At a conference I attended, I sat next to a lady who was regaling two women in the next row with the story of her novel. I had no choice but to listen. She went into minute details of the characters and plot. When she was done, I asked where she was published. She hadn't even written Word One -- ever.

I've heard a lot of people talk about the great novel they were going to write. Of course, they always believe it will be published immediately. Few write a word. Writing is hard work and, if you're happier talking rather than doing, you'll never be a writer. At least you're seeing someone's effort.

Cybernaught
11-03-2008, 07:34 AM
Can't say it's ever happened to me.

Chasing the Horizon
11-03-2008, 08:00 AM
Never happened to me either, and I don't keep the fact that I write secret. I have had people I barely know ask to read my work, though. I always just say 'no', lol. Being polite isn't a major concern of mine (I think a lot of the strangers who want to read my work just want a free book to read).

payitforward
11-03-2008, 08:17 AM
I usually just tell them I'm a rather brutal editor, and to not show it to me unless they want blood and carnage. Of course, this makes me sound like the queen of goth, and certainly doesn't work on a date (unless I'm going out with the king of goth, then I'd revise said statement).

Ms Hollands
11-03-2008, 11:37 AM
Nobody has ever asked me either, despite two friends each writing novels and another writing children's fiction. If they asked - or any friends who had written anything wanted me to read it - I wouldn't be as condescending as to assume they're amateurs before even reading their work. If editors thought like that, nobody new would ever get published.

Until you're the BEST writer in the world (and perhaps even if you are), I'd suggest a little more humility might actually aid your writing so you do get the 'street cred' (if that's your motivation to write - it's certainly not mine) that you say you don't have.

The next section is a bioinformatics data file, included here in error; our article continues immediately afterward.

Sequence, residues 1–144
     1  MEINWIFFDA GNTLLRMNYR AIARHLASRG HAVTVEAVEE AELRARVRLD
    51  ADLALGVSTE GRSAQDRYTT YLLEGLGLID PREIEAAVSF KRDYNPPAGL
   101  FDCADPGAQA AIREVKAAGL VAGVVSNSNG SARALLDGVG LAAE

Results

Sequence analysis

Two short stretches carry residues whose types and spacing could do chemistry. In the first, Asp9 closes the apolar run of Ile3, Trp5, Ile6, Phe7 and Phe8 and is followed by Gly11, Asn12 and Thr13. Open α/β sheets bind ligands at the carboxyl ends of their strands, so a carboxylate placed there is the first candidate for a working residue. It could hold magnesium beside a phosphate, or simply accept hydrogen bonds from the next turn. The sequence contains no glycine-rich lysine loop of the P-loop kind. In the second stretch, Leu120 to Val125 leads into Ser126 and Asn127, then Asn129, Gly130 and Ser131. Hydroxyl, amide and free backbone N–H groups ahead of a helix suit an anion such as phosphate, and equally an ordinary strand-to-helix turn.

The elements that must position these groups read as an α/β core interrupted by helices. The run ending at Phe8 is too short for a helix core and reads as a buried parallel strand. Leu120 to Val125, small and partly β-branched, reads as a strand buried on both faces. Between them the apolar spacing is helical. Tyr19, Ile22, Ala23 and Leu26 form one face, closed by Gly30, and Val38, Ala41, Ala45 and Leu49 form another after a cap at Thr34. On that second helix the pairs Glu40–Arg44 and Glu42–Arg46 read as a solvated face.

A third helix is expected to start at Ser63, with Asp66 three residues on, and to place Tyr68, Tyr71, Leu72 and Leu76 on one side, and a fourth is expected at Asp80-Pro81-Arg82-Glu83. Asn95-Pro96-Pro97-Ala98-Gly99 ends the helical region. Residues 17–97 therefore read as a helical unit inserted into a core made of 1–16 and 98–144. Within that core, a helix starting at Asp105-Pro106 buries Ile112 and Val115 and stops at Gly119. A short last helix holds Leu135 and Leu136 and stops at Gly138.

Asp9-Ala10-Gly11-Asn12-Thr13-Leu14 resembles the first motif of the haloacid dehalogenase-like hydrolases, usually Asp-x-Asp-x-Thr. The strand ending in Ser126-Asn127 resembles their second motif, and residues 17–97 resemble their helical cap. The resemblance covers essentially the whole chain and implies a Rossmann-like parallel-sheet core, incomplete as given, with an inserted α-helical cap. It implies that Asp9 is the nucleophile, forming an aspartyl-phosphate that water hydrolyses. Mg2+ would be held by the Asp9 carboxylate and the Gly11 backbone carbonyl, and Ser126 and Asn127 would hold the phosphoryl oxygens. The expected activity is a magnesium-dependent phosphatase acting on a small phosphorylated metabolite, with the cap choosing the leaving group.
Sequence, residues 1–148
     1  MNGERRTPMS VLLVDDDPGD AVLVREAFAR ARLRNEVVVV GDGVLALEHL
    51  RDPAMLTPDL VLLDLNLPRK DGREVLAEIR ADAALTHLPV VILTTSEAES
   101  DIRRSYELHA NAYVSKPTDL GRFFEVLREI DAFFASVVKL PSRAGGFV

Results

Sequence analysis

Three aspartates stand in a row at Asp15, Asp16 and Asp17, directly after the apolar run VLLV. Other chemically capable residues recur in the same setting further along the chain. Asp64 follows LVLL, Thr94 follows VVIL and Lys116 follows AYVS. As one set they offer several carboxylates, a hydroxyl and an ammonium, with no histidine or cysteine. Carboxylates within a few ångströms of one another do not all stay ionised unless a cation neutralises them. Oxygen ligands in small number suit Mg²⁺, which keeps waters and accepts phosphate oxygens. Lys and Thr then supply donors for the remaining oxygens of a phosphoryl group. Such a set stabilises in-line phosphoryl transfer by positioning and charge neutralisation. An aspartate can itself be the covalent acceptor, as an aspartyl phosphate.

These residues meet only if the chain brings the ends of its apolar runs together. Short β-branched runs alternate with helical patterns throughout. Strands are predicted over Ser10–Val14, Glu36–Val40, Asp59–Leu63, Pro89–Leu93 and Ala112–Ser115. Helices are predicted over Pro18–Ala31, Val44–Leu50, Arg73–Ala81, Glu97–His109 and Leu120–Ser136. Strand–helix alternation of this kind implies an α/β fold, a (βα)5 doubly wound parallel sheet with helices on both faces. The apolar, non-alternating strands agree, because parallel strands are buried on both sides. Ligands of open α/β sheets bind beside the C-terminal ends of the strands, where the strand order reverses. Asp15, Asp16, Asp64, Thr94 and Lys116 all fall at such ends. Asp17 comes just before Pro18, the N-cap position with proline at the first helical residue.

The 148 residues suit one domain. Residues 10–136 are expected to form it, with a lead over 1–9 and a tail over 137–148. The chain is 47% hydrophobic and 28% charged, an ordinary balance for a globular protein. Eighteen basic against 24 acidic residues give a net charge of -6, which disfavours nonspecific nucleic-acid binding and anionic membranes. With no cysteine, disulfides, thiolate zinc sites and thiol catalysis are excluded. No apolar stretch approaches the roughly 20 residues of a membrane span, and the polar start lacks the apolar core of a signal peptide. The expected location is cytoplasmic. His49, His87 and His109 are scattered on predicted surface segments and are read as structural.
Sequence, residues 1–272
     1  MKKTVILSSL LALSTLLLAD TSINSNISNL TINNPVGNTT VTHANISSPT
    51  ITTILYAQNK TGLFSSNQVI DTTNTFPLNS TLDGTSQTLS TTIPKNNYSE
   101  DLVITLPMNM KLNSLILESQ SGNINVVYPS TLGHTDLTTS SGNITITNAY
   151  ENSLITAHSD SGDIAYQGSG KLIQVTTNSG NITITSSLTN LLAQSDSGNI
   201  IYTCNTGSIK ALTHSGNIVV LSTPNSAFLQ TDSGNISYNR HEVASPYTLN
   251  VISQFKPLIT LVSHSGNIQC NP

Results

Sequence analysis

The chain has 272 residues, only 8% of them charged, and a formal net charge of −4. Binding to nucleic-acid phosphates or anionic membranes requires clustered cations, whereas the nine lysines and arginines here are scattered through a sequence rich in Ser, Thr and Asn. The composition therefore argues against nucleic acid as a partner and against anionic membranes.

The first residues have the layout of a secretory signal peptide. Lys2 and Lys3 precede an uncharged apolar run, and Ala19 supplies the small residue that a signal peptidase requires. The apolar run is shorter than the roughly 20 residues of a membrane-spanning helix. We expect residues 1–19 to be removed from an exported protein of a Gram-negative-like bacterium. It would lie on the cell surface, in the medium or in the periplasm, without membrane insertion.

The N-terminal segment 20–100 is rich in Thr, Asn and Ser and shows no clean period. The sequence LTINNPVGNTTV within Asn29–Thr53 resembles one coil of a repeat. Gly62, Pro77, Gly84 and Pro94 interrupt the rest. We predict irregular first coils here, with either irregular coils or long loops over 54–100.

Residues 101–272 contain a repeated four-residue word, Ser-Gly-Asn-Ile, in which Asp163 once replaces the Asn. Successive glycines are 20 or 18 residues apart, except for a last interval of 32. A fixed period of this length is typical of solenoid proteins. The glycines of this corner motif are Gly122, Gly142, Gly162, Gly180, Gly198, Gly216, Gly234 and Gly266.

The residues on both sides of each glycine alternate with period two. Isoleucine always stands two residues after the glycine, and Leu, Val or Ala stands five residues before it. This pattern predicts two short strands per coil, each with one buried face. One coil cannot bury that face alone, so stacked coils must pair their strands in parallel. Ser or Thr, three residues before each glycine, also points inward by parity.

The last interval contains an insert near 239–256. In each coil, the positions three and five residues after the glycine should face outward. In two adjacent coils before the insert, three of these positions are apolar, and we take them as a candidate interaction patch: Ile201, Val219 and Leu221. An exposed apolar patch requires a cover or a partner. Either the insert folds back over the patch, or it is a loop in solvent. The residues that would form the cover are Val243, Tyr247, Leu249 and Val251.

JamieFord
11-03-2008, 03:04 PM
Call me a sucker, but I've given quick critiques to more friends and acquaintances than I can count. I've also had dozens of job shadows from the local high schools and spoken to half as many English classes. When I was an advertising creative director, I was always asked to review student portfolios and such. I guess the habit stuck...

Bufty
11-03-2008, 03:51 PM
I think you are polishing the cherry a tad, starrykitten. Or the ego.

Deccydiva
11-03-2008, 04:55 PM
Personally, I would be highly flattered if anyone asked me and I would do my best to say something helpful and point them in the right direction, whether that be "keep writing" or "here's where you find details of Agents and publishers" (and a good website lol). :) I wouldn't judge it as such - who am I to criticise after all - but in the same way that I would crit a piece on SYW - I would make it clear that I was looking at it as a reader not a writer. If it was not the genre or style that I am used to and enjoy, I would put my hands up and politely decline on the grounds that I am not "qualified" to read that kind of material.

L M Ashton
11-03-2008, 05:48 PM
I don't give critiques to people who are outside my genre, but that's more of a practicality thing than anything else. I have a friend who writes literary/chicklit/humour and poetry, none of which I read. What do I know about what's standard, derivative, normal, or even proper within those bounds? How could I possibly know what's good, bad, or ugly? How would my opinion have any value? And that's exactly how I discussed it with her.

Strangers I won't critique either, but that's more so due to me not having the desire than anything else. Friends or acquaintances who aren't writers but need to get something written for work - well, not unless they're willing to pay me. Someone who I owe for other reasons, ah, whole other ball game.

In other words, my response is quite variable depending on the situation and the person involved.

NeuroFizz
11-03-2008, 06:03 PM
It has happened a few times, and I try to be encouraging about learning to write. I dodge any direct involvement by telling them about AW and the kind of information, help, and crits they can get here. I don't know if anyone has ever come here on my suggestion, but the strategy seems to get any critting off the immediate table. And the best part is that it is sincere--if they want to learn to write, what better place to come?

underthecity
11-03-2008, 06:20 PM